To a great extent, the Simon Commission demonstrated a fundamental truth to Gandhi and his followers. Essentially, the Commission was charged with drafting a course of action for India in the future. Yet, the Commission was comprised of only British leaders. Not a single Indian was present on the "All- White Commission." For Gandhi and his followers, this proved to be a rallying point. Such convergence revolved around how the British do not see Indians in an equal light. In determining the future for their country, not a single Indian was included. The chant of "Simon Go Back" helped to crytstallize a feeling of resentment that had been growing in India.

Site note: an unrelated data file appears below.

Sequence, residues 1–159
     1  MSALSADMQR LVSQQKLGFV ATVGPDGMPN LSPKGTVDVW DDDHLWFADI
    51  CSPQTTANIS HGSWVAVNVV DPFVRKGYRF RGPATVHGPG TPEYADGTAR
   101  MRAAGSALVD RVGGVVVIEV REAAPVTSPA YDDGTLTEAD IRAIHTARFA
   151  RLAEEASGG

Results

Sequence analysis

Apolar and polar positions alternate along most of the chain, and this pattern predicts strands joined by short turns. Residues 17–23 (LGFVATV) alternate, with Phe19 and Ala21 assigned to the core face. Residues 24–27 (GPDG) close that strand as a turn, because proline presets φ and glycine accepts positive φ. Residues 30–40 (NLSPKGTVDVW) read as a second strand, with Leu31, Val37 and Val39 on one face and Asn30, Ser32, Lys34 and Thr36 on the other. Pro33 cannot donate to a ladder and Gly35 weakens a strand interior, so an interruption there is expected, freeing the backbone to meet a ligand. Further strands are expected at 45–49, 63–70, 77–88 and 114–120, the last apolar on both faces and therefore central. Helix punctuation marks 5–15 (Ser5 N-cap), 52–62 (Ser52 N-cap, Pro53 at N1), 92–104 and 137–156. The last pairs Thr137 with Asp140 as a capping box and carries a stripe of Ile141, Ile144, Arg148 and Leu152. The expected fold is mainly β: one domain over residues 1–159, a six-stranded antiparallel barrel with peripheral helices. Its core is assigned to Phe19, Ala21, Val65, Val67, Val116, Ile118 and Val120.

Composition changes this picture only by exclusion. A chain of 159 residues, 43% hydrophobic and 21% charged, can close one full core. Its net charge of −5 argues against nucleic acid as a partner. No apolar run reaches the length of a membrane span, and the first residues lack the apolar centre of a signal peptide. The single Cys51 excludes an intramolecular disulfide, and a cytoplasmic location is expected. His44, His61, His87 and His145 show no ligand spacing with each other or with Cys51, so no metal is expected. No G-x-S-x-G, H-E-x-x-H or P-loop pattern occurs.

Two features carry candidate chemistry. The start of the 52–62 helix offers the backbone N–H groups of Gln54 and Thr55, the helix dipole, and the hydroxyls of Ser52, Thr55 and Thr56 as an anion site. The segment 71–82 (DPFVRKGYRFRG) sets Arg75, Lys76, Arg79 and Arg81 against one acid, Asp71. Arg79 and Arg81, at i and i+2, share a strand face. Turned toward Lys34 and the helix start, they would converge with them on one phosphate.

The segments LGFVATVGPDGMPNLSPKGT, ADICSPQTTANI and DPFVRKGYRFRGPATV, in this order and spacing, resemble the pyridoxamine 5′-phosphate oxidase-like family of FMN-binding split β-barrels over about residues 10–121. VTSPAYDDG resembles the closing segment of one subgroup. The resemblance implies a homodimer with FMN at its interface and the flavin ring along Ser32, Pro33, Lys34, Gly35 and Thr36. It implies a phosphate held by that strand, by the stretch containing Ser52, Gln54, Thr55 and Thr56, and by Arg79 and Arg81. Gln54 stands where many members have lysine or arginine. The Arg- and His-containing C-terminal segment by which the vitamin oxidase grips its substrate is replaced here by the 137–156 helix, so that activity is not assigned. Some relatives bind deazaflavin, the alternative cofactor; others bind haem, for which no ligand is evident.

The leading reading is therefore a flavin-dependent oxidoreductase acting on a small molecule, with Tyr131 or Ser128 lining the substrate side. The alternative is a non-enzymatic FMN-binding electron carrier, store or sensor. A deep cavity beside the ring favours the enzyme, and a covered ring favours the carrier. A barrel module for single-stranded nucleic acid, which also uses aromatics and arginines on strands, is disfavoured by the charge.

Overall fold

The Simon Commission helped to galvanize this resentment amongst Indians of all social divisions. The belief was that Britain did not respect Indians enough to include them in an committee that was responsible for charting the course of India. In this, Gandhi and his followers were able to point to an event that demonstrated the inherent inequality and disrespect that existed the British had towards the Indians. The Simon Commission, though it did not intend to do so, did much strengthen the claims of Gandhi and his followers.